After the Battle of the Boyne several Dutchmen who had been engaged in that campaign settled in different parts of Ulster. Two of those people, named respectively Mussen and Munts, selected Lambeg as their resting-place, and as each had been engaged in the finish of linen in Holland, their knowledge of the art of bleaching proved highly advantageous to the staple industry of that district. An interesting incident is related of René Bulmer, one of the French exiles, who had resided there for some time previous to the landing of King William at Carrickfergus. This person was a native of West Flanders, where he had attained much celebrity for his skill as a blacksmith, and also as a professor of the veterinary art. After the revocation of the Edict of Nantes the elder Bulmer and his family were obliged to seek refuge in distant lands from the persecution that raged in their own country. When the Prince of Orange and his followers were on their way from Belfast to meet the army of King James, the troops arrived at Lambeg, from the centre of which five roads branched off in different directions. Seeing a person standing at one of the cottage doors, King William, who rode at the head of a troop, inquired, in language largely intermixed with French idiom, which of the roads led to Lisburn and Hillsborough. Mr. Bulmer, to whom the question was addressed, replied in genuine French. Evidently gratified at meeting so unexpectedly a native of Gaul, his Majesty entered into a friendly conversation with him for several minutes relative to his native place, and the circumstances that led to the exile of his family; and after paying a very gallant compliment to the young and handsome wife of this informant, who had come out to see the soldiers, the Royal traveller shook hands with each of them, and passed on with his troops towards their destination.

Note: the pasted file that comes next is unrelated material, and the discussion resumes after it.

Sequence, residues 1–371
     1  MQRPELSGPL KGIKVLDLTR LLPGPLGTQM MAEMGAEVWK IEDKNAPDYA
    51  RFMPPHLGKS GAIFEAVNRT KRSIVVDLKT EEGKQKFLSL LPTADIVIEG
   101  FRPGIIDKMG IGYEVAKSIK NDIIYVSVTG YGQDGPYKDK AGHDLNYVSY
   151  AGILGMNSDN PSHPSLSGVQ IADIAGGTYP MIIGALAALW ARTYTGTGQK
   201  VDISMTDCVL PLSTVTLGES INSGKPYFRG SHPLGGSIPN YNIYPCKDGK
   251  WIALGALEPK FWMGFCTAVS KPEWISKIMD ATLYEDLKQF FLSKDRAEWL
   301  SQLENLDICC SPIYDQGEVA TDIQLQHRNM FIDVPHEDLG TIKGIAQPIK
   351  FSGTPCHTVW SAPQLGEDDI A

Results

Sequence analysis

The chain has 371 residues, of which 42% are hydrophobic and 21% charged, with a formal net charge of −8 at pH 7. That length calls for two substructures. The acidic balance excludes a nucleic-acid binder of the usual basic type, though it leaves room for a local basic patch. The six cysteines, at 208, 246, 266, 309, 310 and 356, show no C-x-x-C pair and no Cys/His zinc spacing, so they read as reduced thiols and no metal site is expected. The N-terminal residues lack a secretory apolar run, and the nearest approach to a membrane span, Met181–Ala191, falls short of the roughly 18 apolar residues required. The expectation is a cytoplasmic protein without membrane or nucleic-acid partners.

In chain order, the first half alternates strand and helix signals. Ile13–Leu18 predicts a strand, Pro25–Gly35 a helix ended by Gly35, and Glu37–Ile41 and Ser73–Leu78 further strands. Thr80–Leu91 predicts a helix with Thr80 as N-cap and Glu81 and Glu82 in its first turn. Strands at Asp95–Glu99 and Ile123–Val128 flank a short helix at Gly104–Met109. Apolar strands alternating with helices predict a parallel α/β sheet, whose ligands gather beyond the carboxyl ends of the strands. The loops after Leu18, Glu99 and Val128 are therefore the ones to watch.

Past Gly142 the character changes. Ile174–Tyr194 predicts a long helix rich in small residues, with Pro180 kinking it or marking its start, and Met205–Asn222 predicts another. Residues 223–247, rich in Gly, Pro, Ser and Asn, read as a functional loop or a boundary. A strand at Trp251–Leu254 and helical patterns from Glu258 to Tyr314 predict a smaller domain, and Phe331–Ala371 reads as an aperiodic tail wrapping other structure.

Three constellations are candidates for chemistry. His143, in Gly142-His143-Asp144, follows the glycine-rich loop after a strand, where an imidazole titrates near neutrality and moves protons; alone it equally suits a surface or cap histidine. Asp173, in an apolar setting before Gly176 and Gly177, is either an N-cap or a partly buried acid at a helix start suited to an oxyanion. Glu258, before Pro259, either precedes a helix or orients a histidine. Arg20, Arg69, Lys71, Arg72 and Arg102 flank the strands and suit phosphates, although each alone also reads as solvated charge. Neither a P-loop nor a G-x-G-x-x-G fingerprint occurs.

Throughout his reign, short as it was, William the Third continued to take the utmost interest in Ireland's linen manufacture, and for all those gentlemen who were so zealous in promoting its progress he entertained the highest regard. Two years before his death a patent was issued granting, for a specified period, the sum of eight hundred a year to. Mr. Crommelin as interest for the capital -- ten thousand pounds -- which he had advanced from his own private resources to carry on the different works in which he was engaged. In addition to this "grant" there were also allowed him an annuity of two hundred pounds, besides one hundred and twenty pounds a year for his three assistants. Each of these officials had a particular district under his charge. At one period of the season he watched over the culture of flax, at another he inspected the spinning and weaving departments of the trade, and through the summer his visits were frequent to the bleachfields.